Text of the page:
Rubens’ masterpieces at the Old Pinakothek

“The Last Judgment,” Rubens, 1617

Peter Paul Rubens’ luminous painting “The Last Judgment” reflects humanity’s conception of the important event when people will stand before God, and each will tell of his life, sins, and achievements. The future fate of the soul depends on the path of life: hell or heaven. The painting captivates with lightness, inspiration. Peter Paul Rubens reflected in the picture his inner state, one can feel the soul of the author. God is represented by the good judge, he is reflected in the faces who came to the judgment, grace, joy, bliss.

The peculiarity of the bounty is its size. The hall of the Old Pinakothek was specially designed to allow one to admire one of the largest paintings in the history of mankind, measuring 610 by 460 centimeters.

“The Death of Seneca, Rubens, 1613

The picture surprises with the combination of the spirit of death and the charm of the story. Seneca’s incredibly beautiful death and dignified departure are undoubtedly appealing.

Seneca had a peculiar attitude toward death. He did not regard it as evil, for it was provided for by nature. Life, as he understood it, was not a true good and was valuable only if it had a moral basis. To end one’s life by suicide is possible only when the moral basis disappears.

The origin of the picture was the story in which the mad emperor Nero considered Seneca a traitor and as punishment ordered him to end his life by suicide. The philosopher accepted the decision with dignity. Naked, Seneca tried to encourage his friends and his wife, who of her own free will decided to accept death with him.

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In the gazes of those present there is no horror, no tears, they are thinking about something lofty. Even as he slashed his wrists, Seneca was still inspired, so he summoned scribes to write down his thoughts. Note the enthusiasm with which one of the scribes looks at Seneca, ready to catch every word until Seneca’s last breath.

The Alte Pinakothek in Munich

Alte Pinakothek Munich

Adults € 7, students and pensioners € 5, children up to 18 years old free of charge. Admission € 1 on Sundays.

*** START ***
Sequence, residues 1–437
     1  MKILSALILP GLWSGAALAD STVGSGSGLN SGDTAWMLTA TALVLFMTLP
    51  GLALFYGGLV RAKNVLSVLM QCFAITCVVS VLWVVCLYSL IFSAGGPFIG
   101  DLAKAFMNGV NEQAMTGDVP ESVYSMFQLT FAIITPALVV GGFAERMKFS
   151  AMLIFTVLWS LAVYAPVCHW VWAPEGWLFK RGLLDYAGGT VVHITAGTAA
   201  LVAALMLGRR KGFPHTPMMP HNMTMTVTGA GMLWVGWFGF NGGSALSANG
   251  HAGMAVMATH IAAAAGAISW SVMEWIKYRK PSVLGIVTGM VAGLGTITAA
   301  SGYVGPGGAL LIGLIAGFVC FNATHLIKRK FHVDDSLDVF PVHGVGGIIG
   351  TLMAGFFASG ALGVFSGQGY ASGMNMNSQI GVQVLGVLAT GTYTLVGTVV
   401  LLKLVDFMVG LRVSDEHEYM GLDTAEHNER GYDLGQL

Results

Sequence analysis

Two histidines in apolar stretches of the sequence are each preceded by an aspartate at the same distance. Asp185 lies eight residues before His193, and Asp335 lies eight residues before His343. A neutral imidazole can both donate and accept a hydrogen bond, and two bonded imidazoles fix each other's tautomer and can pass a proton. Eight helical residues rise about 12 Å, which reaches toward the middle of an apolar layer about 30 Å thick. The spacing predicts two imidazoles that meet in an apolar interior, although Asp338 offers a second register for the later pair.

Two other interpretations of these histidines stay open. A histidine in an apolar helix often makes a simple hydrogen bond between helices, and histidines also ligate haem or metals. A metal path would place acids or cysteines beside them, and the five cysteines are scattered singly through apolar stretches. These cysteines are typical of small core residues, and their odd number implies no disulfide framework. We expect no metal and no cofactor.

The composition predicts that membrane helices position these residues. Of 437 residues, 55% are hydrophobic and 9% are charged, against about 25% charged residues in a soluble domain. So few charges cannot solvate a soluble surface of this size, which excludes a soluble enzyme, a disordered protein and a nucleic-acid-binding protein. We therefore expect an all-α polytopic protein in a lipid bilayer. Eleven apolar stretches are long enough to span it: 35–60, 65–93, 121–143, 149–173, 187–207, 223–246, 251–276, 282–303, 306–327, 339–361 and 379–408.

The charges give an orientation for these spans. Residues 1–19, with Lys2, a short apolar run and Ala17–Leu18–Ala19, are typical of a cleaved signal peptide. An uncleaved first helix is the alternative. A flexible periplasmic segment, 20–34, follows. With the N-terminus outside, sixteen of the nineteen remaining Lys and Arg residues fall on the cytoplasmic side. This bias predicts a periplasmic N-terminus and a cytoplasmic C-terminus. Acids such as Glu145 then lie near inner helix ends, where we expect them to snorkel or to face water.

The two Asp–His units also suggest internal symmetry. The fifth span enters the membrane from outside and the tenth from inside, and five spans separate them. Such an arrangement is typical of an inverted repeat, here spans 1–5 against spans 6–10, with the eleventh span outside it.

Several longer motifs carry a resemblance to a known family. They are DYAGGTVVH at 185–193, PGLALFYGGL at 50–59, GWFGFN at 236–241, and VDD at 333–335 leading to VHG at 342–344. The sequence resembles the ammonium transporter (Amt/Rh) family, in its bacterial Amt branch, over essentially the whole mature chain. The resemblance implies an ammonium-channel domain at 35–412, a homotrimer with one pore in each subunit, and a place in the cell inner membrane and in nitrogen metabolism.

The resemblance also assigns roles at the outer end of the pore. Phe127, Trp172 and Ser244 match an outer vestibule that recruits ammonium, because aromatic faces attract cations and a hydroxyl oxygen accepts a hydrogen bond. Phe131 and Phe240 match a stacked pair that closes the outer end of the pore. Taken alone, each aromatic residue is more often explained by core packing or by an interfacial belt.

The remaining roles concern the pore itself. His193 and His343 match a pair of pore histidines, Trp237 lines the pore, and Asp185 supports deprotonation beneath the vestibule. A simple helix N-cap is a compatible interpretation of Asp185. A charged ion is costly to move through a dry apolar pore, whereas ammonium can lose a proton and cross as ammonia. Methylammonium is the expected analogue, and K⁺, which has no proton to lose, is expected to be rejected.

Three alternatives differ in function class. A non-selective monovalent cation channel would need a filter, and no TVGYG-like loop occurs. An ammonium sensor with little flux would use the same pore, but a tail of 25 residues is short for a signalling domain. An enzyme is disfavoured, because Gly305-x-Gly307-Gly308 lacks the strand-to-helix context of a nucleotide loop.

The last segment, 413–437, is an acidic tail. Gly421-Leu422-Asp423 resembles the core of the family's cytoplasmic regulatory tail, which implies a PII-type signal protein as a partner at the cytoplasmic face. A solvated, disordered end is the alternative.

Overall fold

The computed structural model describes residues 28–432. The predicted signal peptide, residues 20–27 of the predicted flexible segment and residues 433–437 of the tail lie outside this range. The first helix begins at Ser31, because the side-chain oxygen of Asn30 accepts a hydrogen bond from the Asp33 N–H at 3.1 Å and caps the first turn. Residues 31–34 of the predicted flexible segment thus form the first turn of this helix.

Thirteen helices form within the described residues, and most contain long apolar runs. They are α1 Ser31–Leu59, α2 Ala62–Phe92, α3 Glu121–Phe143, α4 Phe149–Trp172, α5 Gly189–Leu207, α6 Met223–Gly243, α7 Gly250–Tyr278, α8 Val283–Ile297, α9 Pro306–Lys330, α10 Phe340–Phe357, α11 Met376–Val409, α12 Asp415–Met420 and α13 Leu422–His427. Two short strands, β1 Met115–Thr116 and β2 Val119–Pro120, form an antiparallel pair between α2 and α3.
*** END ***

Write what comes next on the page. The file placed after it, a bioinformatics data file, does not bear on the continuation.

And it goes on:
The Alte Pinakothek is one of the largest art galleries in the world. Old Pinakothek is located in Munich, the capital of Bavaria, in the south of Germany, in the district of Maxvorstadt. This museum of fine art contains a pictorial collection of European masters from the Middle Ages to the 19th century.

According to its name, which means “collection of paintings”, the Pinakothek contains only paintings.

After the upheavals of the French Revolutions, King Ludwig I. von Bayern decided to make the royal art collection available to the public. Specifically for this purpose, Ludwig I. decided to build a royal art gallery and commissioned the court architect Leo von Klenze to build a worthy project.

In 1826 construction work began. By the time they were completed, the building of the Royal Picture Gallery was considered the largest museum building in the world and was subsequently used as a model for museums around the world. It was Leo von Klenze who later completed the building of the New Hermitage in St. Petersburg.

Leo von Klenze planned the Pinakothek, his masterpiece of architectural art, both luxuriously and functionally. Large rooms, additionally illuminated by overhead windows and glass roofs are combined with the study rooms of the northern wing of the building.

The core of the exposition of the art gallery consists of works specially commissioned by Wilhelm IV and, later, Maximilian I – Albrecht Altdorf, Peter Paul Rubens, Albrecht Dürer. Maximilian I’s grandson, Maximilian II, as governor of Antwerp, acquired a large number of paintings by Dutch and Flemish masters. After the unification of Bavaria with the Palatinate, works by Raphael, Rembrandt, Boucher and others were added to the painting collection.

During the construction of the royal gallery building, Ludwig I., through his art agents, actively purchased paintings by great masters, giving preference to old German artists and works of the Italian Renaissance. Thus in 1827-1828 the collections of the Sublitz brothers, Buisser and the Counts Wallenstein were acquired, and Raphael’s Madonna and Curtain was purchased in Italy.